Former New York Yankees relief pitcher Mariano Rivera was arguably the best closer the game of baseball has ever seen. He brought with him the necessary traits in order to play that role, traits which can also be applied to closing a sale. But Rivera, along with the best closers in the sales world, did not get there by accident. He was planful and mindful of his practice and training.
The Mariano Rivera story began in the small Panamanian fishing village of Puerto Caimito, where there was only one paved road running through the town. A young Rivera lived in a small two-room home with his parents and three siblings. He did not even graduate from high school.
Growing up, Rivera did not have regular baseball equipment. His baseball mitts were makeshift ones that he would make out of a piece of cardboard. Rivera still recalls exactly how to construct one of those cardboard baseball mitts. As a child, the game was simple for Rivera and his simple glove proved more than adequate. Simplicity can sometimes be pure bliss. Simplicity is also something that can be overlooked in so many fields.
A good closer in the sales world never forgets the importance of simplicity. Overcomplicating a deal could lead to a lot of confusion. Too many details could prove to be a tremendous disadvantage. Remember the story of Rivera's simple beginnings and use simplicity to your advantage.
When it comes time to actually close a sale, keep your closing materials simple. Don't scare off your prospect by pulling out piles of forms. That moment when they agree on terms is a critical one. It is a moment you do not want to lose out on because of something you did to distract, confuse or overwhelm the prospect.
Stepping onto a pitcher's mound in front of tens of thousands of people and throwing strikes is no easy task. The umpire could call a close pitch a ball, which could cause a pitcher to become frustrated. That frustration could lead to an errant pitch which becomes a two-run homer that causes a team to lose. And that is all because the pitcher wasn't focused enough to brush off the previous pitch that should have been called a strike.
Rivera was an expert at keeping his emotions in check on the pitcher's mound. Even during road games, he did not let opposing fans or players get to him. Part of his strong focus stems from his strong belief in God. And although Rivera is Major League Baseball's all-time save leader with 652, it wasn't just fastballs and curve balls that did the trick. It was not allowing anything rattle him when the game was on the line.
Closing a sale also relies heavily on focus. A salesperson who focuses too much on himself will likely lose out on a sale. The prospect should always be the central focus. Keep the prospect's needs in mind and refrain from talking too much about yourself or your services. Also, do not try to close too quickly. Just as it is in baseball, three outs in the ninth inning does not always come quickly, nor does closing a sale.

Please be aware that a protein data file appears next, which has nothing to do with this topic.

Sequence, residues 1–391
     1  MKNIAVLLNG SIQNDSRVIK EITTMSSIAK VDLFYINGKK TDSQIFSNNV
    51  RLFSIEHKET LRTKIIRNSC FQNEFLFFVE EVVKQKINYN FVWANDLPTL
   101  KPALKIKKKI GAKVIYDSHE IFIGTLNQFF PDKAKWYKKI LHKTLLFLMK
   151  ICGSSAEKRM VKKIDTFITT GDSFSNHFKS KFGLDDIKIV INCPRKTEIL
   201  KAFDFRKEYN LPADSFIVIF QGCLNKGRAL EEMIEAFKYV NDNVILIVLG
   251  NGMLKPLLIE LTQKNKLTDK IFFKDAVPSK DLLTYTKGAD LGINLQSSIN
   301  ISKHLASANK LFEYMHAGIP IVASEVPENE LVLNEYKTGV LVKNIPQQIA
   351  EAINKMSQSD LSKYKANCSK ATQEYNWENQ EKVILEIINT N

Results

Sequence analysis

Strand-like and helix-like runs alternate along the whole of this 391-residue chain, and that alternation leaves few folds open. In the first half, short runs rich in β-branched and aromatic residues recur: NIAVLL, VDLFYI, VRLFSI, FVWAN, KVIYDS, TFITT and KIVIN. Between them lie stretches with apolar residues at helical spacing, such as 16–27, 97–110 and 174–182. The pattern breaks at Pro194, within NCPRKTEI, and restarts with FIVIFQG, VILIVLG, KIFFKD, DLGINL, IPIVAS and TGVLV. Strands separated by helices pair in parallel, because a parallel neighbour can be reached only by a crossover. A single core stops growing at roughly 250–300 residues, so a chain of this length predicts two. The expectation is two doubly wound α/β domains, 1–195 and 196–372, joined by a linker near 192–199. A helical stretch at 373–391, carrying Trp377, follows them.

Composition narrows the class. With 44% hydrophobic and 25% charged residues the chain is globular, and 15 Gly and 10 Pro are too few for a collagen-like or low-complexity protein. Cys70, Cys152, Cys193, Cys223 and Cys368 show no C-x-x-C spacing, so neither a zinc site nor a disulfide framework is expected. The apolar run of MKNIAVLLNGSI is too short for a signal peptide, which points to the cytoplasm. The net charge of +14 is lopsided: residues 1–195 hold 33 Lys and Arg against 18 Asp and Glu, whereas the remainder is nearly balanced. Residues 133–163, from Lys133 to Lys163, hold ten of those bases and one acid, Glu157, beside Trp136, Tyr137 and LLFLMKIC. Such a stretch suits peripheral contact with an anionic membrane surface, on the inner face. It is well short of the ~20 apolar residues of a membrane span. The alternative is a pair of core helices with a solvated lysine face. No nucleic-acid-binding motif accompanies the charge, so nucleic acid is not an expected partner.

Focusing on the emotions of a prospect also helps immensely. As much as people would like to think they make purchases based on reason, most purchases are made based off emotion. Keeping that in mind, it is important to focus on how the prospect wants to feel. When you arrive at that conclusion, you will be able to really fine tune your skills as a closer.
Fear and Resilience
It's okay to have fears. Everyone has them, even Rivera. In fact, it was fear that urged him to move his family to the United States following the 2000 season when he was scheduled to make $10 million. Other Central American Major League players had experienced issues with kidnappings in which their families were taken for ransom. Instead of living with that fear, Rivera did something about it. He couldn't have been the game's best closer with such an enormous fear lurking in the back of his mind.
In sales, there is also an underlying fear in regards to closing. The trick is to not allow that fear to determine your results. Instead, do something about that fear. Try getting yourself comfortable with being uncomfortable. The more you do something, the more it becomes routine.
And if you think about just moving from one step to the next, closing will happen naturally. Rivera got batters out one pitch at a time. As long as he focused on each pitch, the end of the inning would take care of itself. Apply that method to your sales approach and before you know it, you will become the Mariano Rivera of your office.
Resilience is one more trait that is necessary to close in both sales and baseball. Rivera did not always get every batter out, just like sales reps are not going to close on every prospect. The important thing is to be able to bounce back. Rivera saved 652 games, but there were 80 other opportunities in which he failed to register the save. On 80 occasions, Rivera didn't close. But that didn't stop him from coming back and succeeding.
Great closers don't just forget their mistakes. They look back on their mistakes and learn from them. Just as Rivera learns from throwing 3-2 sliders on the outside corner, sales reps learn from throwing the wrong pitches at prospects.
Being a good closer does not happen overnight or by accident. It happens with simple beginnings, focus, resilience and the ability to overcome your fear.
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